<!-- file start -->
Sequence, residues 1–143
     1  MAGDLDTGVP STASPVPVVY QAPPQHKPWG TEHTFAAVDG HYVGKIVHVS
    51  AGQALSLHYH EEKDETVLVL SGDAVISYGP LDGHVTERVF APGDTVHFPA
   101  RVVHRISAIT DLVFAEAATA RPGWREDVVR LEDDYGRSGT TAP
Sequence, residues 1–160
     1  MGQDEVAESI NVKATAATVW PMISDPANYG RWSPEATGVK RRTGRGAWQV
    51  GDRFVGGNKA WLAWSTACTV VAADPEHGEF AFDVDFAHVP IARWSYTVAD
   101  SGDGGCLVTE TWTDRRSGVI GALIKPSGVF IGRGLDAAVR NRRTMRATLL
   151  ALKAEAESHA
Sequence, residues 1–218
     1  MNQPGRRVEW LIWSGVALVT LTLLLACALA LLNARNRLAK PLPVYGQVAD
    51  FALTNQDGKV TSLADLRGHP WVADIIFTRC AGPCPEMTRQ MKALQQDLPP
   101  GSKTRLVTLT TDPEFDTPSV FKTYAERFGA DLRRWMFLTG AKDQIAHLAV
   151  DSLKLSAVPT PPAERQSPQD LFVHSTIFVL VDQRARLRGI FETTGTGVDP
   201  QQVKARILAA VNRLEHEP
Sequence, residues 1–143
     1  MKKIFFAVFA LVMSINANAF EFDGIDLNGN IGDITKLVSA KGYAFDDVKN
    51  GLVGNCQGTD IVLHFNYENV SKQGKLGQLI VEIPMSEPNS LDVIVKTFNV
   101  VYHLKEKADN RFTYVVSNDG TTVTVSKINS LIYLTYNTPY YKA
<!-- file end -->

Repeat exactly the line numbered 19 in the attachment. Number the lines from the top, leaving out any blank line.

   101  VYHLKEKADN RFTYVVSNDG TTVTVSKINS LIYLTYNTPY YKA